Executive’s Guide to Influencer Marketing
Successful CEOs can’t ignore the rise of influencer marketing – a much-hyped concept where companies tap individuals with clout and authority to spread the word about their brand and products.
But that hype rightfully comes with skepticism, especially among executives. Can these programs actually drive business results for brands?
The short answer is yes. Research shows that the majority of consumers have been swayed in their decision-making by digital influencers and marketers are planning to spend more on influencer marketing in coming years.
But — and it’s a big but — influencer marketing must be done thoughtfully, strategically and as part of a larger marketing approach.
Here are a few of the most important dos and don’ts to keep in mind as you consider whether and how to integrate influencer marketing into your organization’s plans.
Do Educate Yourself On The Rules
In the United States, the Federal Trade Commission (FTC) has clear disclosure guidelines for marketers and influencers in order to maintain integrity and truth in advertising. In short, the commission requires that influencer relationships to brands are clearly disclosed and stated in any campaign-related content.
Make sure your teams read the FTC Endorsement Guidelines thoroughly so they understand exactly what’s required of the company and for the influencers with which they might work. For example, simply adding #spon hashtags to posts on Twitter or Instagram aren’t enough, nor is an endorser merely adding “thanks to Brand A” in a post without explicitly stating that they received a product for free or in consideration of promotion.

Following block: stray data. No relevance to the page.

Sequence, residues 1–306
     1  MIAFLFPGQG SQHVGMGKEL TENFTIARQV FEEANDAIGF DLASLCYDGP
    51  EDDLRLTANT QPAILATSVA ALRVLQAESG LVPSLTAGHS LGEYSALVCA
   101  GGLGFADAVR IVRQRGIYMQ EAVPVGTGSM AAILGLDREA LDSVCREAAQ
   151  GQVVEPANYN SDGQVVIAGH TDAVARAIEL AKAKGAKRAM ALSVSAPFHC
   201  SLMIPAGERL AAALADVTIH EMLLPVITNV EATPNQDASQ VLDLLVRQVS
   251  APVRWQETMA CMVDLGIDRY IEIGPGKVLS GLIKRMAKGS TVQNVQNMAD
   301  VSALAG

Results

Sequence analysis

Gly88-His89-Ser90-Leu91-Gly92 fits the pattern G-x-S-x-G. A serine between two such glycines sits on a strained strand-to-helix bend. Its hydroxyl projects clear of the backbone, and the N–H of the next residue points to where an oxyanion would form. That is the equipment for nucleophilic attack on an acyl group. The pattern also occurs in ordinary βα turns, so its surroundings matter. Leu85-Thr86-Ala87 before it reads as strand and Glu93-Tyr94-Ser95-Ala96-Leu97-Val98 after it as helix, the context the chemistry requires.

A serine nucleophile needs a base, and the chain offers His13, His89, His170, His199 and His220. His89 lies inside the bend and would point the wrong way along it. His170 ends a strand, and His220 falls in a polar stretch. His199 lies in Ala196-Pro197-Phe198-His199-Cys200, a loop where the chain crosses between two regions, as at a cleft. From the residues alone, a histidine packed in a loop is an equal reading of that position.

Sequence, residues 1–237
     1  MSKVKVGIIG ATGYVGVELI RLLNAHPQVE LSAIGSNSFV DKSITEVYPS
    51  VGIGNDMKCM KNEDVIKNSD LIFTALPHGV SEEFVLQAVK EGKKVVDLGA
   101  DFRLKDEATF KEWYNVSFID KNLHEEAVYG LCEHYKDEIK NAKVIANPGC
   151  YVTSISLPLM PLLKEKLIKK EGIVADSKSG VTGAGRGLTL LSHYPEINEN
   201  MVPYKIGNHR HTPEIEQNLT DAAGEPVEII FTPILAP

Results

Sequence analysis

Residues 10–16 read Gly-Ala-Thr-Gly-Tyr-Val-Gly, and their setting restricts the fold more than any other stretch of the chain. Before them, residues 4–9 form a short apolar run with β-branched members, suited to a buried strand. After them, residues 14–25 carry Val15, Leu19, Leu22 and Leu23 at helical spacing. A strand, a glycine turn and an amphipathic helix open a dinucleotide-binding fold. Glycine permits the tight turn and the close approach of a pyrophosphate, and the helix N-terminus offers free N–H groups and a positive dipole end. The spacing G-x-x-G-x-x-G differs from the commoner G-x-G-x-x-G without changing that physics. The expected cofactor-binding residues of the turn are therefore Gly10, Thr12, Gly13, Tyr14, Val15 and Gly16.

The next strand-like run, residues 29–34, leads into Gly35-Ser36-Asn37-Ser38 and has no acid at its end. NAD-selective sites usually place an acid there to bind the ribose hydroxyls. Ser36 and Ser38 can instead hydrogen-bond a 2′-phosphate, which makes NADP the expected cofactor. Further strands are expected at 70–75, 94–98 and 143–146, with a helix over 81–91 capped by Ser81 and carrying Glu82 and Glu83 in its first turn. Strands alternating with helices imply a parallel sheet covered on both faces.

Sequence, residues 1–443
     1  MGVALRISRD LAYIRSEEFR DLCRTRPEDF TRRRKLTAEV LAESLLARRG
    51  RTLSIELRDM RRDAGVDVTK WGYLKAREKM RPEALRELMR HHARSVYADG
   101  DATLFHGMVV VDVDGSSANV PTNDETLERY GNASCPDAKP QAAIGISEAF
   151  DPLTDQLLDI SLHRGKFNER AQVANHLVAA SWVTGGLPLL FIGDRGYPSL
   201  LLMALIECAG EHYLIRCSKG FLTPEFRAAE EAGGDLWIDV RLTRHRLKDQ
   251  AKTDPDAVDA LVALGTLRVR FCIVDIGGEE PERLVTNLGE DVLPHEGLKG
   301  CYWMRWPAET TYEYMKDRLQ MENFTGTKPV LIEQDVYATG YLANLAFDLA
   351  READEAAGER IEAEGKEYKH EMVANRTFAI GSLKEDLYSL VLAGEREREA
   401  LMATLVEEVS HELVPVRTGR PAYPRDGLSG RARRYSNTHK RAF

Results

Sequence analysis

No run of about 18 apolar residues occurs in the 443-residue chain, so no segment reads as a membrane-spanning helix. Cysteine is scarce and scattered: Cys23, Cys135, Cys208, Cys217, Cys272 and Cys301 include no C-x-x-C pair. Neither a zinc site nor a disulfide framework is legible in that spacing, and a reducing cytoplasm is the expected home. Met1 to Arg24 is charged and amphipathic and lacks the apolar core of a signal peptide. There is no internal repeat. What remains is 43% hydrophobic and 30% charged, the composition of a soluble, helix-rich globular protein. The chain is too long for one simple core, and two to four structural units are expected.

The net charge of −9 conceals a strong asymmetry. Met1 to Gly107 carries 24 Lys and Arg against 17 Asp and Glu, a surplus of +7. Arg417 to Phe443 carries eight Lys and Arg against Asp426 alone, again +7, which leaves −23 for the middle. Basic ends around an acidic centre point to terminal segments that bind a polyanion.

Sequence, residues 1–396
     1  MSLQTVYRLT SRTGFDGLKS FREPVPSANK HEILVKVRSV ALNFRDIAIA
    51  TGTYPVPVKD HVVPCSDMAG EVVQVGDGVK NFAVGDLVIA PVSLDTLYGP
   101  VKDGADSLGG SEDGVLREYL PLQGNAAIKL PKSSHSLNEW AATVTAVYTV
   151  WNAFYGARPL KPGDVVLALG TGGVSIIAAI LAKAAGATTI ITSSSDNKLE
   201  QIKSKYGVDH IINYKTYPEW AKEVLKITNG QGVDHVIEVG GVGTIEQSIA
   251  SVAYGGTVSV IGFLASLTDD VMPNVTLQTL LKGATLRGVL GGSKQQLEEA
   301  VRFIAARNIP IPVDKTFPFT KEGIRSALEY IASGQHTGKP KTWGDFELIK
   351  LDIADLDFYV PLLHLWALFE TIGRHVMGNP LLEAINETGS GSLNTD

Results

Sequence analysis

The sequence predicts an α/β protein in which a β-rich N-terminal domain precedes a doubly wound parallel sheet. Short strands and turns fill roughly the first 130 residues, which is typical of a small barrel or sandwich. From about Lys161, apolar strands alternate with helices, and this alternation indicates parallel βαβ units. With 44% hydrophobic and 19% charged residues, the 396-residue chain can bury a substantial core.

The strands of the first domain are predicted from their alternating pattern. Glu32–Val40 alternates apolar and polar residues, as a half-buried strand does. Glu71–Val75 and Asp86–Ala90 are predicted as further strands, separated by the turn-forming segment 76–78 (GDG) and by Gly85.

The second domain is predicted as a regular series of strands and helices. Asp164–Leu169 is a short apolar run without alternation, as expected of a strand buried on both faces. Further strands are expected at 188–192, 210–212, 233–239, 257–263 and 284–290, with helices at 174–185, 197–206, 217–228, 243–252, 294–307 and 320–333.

The guidelines are relatively common sense, but there have been some regulatory crackdowns in the past year or two — especially among fashion influencers on Instagram — so it’s worth being educated from the outset and setting your teams and partners up for success.
If you are marketing outside the United States, research what laws or regulations might apply to influencer marketing well before planning a campaign. A good place to start is the FTC’s list of Competition & Consumer Protection Authorities Worldwide.
Don’t Assume Influence Equals Reach
When most brands think about influencers, they immediately picture celebrities with millions of followers.
And that’s great; companies like Old Navy have worked with influencers for years and they did a great campaign around Black Friday in 2018 with retired New York Yankee Alex Rodriguez and a charitable partnership that raised more than USD1 million for Boys & Girls Clubs of America.
But people don’t have to be famous to influence their communities to take action. Sometimes, passion and genuine interest are equally powerful, and many companies have begun to recognize the impact of everyday humans — sometimes known as ‘microinfluencers’ — who want to share the products they love.
Upstart cosmetics brand Glossier turned to their customers as influencers first. Their cult-favorite products generate hundreds of thousands of posts from women from around the world across social media, and CEO Emily Weiss attributes as much as 90 percent of Glossier’s annual revenue to the buzz and influence these everyday customers create.